Anton Kraly: Hello, everybody, Anton Kraly here and welcome back to the eCommerce Lifestyle podcast. This is my show that is designed to help eCommerce store owners to increase their revenue, automate their operations, and become the authority in their niche. Now, in today's episode, I want to talk about adding supplier reviews to your website, specifically in the context of if that will get you banned from Google. Now, the reason this is coming up right now when I wanted to hop on quick and record this for you is, because I just received this question when I was working with a member and they said, "Hi, Anton, can you please talk about adding reviews? If a supplier has reviews on their site and we have permission to use them, is this okay? I don't want Google to suspend my accounts." So, what they're asking there is specifically about suspending the accounts, not just like from Google organic listings, or anything. They're asking in the context of Google Ads. Anton Kraly: So, this is something that has come up many times over the years throughout the time I've been helping people with my coaching company Dropship Lifestyle. Probably since 2013, people have been asked me about how to get reviews. Now, I have a full training on that, in-depth with templates in the Dropship Blueprint. So definitely check that if you're a member of my coaching program, it's in module five, optimize for conversions, go to the reviews training. But to answer this question specifically, when they're asking about using reviews from their supplier's sites, if the supplier tells you that's okay, you are fine. And in fact, one of the ways I recommend getting reviews early on when you're first building your store, you haven't had any customers yet is talking to your sales reps at these different brands that you sell for. And simply saying to them, we're looking to build up our product pages as much as possible. We're looking to increase our conversion rates. Do you have any existing reviews on these products that we can use? Anton Kraly: And if they say, "Sorry, we don't have any." Then okay, thank you. But if they say, "Oh yeah, we actually do. We have this document we can send you with existing reviews." Or, "Yeah, we actually have reviews on our website. You could take them." Then, yeah. Great. Go ahead and use them and nothing will come of it. Nothing bad will come of that. The way people get themselves in trouble is when they use reviews without other people's permission. So an example here would be if your supplier had reviews on their site already, that you found and you just decided, "Oh, they have reviews. I'm going to take them and put them on my website." Or if your supplier was maybe not that ethical, or maybe just didn't understand how things work. And they said, well, we don't have any, but we do have reviews for these products on website, abc.com, and on amazon.com. We have people selling the product there and there's reviews. So you could probably take those, right? If a supplier ever tells you that, say, "Yeah, thanks, but no thanks." Because that is how you can get in trouble. Anton Kraly: So, taking reviews without permission is something that you're not of course always going to get called out on, or caught for, but it's something that's unethical. And it's something that for many people has led to trouble. Now, why does it lead to trouble? Well, what happens when you're in a niche or an industry and you start to grow and you have competition because you're looking for competition before you even start. When your competitors start to see your store. And sometimes even your suppliers, if they see that you're using their content without their permission. And I'm again, speaking of this, in the context right now of reviews, but this also could be unique product photos that they've taken, or unique product descriptions that they've written, anything unique. If you take that and you put it on your website, then you can, and you probably will get reported. So where do you get reported to? Well, they can file a DMCA and they can do that with Shopify. If your store is hosted there, they can also report you to Google, to Facebook, to really wherever they want. Anton Kraly: And the actions that are going to be taken from there are really dependent on the place where they're being reported. So for example, if you take somebody's product descriptions, somebody's unique, product descriptions that you do not have permission to use. They find us, they're not happy. They contact, let's say Shopify with the DMCA. And what Shopify will do then is most likely remove those product pages from your store. They're literally just take it down because that is the point of a DMCA. By the way, if anybody ever steals your stuff, you can also file a DMCA and it'll get taken down whether or not the person wants it to. So. That can happen with Shopify or the e-commerce hosting platform. Now with companies more specific like Google, I don't know their exact policies and how things work every single time. But I do know that I've seen situations where people have stolen. I mean, that's what it is. They've stolen content from other sites, they've got reported to Google and they've had their accounts suspended. Anton Kraly: So, to answer this question as quickly as possible, if your supplier tells you, they give you permission to use reviews from their own site, then you will be fine because of course, they're not going to be reporting you anywhere. They're not going to be mad. They told you, "Yeah, sure do it." But if your supplier tells you, "Well, our competitors have reviews. You can take their reviews." No, you cannot do that because the other retailers didn't tell you that you can. And if you just take reviews from your supplier site without their permission, again, they're most likely not going to be happy with that. Anton Kraly: So in this scenario, it's definitely best to ask for permission first. Never use content that is taken from other websites without permission, and you'll have no problems. So, hopefully, that answers the question, hopefully, that helps some people out and provides you with some peace of mind. Again, just don't steal content and you'll have no issues. So thank you, everybody. I appreciate you. Hope you got value from this episode. I'm going to head out for the weekend and I'll be back on Monday with a brand new episode of the eCommerce Lifestyle podcast. Talk to you soon.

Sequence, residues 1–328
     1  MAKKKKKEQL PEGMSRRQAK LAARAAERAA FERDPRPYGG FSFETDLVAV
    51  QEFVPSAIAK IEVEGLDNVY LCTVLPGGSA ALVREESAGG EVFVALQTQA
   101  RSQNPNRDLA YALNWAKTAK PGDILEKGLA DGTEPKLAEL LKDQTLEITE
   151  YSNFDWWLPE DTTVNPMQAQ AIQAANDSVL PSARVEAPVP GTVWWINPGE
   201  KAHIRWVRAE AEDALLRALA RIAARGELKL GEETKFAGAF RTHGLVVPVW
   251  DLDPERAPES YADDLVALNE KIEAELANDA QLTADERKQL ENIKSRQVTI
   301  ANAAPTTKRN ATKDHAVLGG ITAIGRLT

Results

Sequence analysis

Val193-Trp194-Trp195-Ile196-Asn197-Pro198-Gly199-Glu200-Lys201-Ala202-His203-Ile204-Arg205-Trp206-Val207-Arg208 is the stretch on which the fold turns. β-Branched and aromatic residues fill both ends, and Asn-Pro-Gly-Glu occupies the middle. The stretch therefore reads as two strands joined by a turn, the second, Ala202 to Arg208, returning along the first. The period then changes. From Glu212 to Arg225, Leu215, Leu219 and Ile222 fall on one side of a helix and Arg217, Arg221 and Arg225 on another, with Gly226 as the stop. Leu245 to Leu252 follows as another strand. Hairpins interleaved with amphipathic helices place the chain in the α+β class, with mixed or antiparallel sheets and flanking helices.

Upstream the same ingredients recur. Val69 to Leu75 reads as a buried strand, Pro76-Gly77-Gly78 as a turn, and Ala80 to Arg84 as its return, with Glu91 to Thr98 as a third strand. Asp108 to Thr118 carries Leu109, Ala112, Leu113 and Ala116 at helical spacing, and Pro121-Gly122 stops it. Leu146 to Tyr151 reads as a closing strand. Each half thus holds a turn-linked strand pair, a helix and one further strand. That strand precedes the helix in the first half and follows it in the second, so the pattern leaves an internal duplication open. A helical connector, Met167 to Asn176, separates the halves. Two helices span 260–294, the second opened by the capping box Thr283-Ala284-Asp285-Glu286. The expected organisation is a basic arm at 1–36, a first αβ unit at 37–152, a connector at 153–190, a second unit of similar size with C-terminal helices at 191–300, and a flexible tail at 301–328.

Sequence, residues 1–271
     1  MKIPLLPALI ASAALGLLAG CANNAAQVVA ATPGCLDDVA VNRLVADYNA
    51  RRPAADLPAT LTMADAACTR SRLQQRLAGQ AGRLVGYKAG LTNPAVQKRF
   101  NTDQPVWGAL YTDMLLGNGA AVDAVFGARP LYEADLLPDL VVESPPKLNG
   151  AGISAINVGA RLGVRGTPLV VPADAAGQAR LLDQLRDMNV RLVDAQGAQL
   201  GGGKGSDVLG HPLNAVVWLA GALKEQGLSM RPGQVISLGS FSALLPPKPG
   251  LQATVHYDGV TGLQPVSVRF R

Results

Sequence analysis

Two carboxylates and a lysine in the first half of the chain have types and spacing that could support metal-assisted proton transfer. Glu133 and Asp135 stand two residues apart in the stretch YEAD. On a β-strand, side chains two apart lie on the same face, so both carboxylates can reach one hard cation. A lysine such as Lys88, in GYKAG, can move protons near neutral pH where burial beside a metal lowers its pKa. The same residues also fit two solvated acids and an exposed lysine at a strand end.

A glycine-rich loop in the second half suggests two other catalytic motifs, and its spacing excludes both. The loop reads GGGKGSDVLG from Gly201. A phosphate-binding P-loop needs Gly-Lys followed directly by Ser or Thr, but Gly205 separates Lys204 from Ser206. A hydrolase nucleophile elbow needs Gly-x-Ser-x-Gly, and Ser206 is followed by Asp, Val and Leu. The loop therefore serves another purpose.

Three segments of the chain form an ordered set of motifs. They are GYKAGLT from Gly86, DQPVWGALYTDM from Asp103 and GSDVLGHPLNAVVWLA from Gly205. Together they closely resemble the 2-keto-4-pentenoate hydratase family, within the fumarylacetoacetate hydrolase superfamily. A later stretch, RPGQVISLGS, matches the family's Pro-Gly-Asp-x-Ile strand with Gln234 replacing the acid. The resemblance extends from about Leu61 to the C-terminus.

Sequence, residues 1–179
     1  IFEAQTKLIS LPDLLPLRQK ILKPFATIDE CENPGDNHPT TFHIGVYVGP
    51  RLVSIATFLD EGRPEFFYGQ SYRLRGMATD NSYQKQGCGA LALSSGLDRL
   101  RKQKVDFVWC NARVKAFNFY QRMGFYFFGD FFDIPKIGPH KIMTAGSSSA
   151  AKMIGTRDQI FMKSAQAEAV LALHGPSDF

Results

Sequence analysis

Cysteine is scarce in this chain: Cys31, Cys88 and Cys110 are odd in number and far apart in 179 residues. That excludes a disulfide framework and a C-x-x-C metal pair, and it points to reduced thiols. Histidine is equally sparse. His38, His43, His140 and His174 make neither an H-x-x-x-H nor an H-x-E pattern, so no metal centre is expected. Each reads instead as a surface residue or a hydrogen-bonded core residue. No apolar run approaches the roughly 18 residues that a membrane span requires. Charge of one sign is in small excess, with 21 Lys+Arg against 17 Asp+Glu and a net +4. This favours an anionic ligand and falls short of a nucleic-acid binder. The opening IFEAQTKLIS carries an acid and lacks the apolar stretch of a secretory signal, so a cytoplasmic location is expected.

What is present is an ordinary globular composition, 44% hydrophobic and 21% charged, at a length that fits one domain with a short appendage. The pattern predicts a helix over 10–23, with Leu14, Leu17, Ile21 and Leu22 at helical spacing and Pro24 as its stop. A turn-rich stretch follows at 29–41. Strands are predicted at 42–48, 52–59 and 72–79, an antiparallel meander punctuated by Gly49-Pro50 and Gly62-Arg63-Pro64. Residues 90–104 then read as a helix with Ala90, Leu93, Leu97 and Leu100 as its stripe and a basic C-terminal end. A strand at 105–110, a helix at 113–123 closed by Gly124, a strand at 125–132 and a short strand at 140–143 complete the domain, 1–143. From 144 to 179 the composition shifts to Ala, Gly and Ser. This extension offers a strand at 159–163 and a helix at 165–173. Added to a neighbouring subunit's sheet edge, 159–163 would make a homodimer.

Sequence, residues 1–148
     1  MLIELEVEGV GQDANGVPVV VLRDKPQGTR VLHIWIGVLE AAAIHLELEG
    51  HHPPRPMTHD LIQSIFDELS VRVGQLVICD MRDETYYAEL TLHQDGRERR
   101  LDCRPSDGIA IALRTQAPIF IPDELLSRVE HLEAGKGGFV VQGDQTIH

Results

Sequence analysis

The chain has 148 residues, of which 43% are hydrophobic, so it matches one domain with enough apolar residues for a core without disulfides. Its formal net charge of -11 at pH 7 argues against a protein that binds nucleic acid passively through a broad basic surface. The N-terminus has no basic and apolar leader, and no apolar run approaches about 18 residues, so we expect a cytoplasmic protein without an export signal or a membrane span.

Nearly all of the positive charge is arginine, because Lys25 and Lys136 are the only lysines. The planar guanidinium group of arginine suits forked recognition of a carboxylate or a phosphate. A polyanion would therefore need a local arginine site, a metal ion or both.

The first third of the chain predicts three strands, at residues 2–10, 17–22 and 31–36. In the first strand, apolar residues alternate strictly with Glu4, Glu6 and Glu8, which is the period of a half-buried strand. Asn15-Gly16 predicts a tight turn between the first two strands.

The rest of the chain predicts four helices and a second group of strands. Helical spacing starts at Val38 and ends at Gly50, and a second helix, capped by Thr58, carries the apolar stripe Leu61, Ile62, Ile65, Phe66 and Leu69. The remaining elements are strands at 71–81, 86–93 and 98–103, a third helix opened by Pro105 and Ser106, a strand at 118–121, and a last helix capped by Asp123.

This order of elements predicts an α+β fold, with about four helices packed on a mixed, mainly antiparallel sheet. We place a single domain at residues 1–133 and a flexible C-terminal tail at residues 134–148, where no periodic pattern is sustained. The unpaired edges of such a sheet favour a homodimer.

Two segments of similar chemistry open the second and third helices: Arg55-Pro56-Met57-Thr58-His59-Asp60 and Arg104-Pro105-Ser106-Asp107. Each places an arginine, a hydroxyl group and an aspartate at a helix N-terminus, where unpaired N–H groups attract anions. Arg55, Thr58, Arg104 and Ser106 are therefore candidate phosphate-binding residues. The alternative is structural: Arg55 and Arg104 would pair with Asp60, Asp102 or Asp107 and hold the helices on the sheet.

>